The decision to act against Khalistan sympathiser Amritpal Singh was taken by top Home Ministry and Punjab police officials after he led the violent February 24 attack on a police station in Ajnala on the outskirts of the Amritsar city, sources said.
Amritpal and his supporters, some of them brandishing swords and guns, had barged into the Ajnala police station, using the Sikh holy book as shields, to extract an assurance from the police that his key aide, kidnapping accused Lovepreet Singh, would be released.
The radical leader had then threatened both Punjab Chief Minister Bhagwant Mann and Home Minister Amit Shah.
Sources say that the attack on the police station indicated That Amritpal was succeeding in inciting people under the guise of religion, and was building an independent group of armed supporters.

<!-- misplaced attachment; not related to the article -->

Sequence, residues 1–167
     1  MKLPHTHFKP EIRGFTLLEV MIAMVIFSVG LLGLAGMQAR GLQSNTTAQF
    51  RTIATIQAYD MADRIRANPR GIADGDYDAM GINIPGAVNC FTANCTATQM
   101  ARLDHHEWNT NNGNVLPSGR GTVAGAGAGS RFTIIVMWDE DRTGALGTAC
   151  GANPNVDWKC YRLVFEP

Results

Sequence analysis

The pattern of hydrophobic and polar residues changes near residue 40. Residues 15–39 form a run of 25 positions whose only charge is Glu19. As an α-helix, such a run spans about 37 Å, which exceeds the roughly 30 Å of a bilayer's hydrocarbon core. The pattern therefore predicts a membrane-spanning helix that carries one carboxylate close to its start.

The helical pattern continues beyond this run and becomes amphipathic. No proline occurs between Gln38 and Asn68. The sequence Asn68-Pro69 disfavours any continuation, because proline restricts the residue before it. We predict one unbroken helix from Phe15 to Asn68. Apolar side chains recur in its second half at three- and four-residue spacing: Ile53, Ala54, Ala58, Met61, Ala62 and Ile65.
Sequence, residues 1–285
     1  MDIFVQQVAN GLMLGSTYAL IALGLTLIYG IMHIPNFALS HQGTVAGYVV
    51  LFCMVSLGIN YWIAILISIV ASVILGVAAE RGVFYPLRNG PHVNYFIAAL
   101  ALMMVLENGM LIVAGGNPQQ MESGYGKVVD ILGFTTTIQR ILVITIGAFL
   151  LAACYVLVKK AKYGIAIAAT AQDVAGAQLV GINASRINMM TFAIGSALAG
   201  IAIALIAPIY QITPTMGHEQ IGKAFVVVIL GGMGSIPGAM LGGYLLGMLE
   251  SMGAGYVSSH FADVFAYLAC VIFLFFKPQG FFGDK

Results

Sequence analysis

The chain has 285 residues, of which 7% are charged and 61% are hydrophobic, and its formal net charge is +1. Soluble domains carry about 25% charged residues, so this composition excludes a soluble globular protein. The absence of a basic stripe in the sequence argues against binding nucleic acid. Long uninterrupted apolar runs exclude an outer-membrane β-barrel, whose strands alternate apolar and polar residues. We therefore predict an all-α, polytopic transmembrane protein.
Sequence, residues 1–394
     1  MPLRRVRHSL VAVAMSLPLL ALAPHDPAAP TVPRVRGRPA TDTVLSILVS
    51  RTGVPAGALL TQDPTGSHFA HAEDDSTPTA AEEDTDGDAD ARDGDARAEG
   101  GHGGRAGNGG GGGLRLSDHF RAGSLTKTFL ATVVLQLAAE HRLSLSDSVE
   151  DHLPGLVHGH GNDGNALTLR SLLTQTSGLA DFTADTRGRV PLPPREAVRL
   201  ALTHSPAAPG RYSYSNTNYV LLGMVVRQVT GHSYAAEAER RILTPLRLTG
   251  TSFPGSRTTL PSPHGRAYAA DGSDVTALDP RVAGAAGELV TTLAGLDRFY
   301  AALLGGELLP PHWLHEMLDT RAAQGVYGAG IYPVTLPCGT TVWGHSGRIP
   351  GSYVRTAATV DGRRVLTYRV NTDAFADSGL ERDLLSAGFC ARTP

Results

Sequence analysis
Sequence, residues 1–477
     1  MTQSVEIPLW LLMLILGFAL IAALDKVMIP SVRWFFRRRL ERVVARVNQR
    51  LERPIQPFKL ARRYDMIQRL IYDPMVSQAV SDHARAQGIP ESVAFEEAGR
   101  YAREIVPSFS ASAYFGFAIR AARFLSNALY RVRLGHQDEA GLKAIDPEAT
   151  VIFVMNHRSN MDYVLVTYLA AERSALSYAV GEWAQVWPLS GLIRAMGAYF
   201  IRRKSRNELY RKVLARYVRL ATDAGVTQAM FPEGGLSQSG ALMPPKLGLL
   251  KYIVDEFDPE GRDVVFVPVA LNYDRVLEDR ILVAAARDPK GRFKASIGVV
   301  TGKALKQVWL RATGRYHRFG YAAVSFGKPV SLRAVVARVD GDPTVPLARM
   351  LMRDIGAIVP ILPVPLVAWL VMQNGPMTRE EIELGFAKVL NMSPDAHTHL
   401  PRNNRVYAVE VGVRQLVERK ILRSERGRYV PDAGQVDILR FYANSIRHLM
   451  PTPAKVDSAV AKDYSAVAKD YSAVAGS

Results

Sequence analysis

Videos of Amritpal's close aides carrying weapons with 'Anandpur Khalsa Force' logo have been found. Home Ministry sources said he was planning to launch a statewide procession to baptize the youth of the state into devout Sikhs.
The Khalistani leader was using de-addiction centres to stockpile weapons illegally sourced from Pakistan, they said.
Six police personnel, including a Superintendent of Police rank officer, were injured during the Ajnala clash.
The BJP had demanded Governor's rule in the state, and the Punjab Congress sought the arrest of Amritpal Singh and his supporters for attacking police personnel.
Punjab police was heavily criticised for dragging its feet in taking action.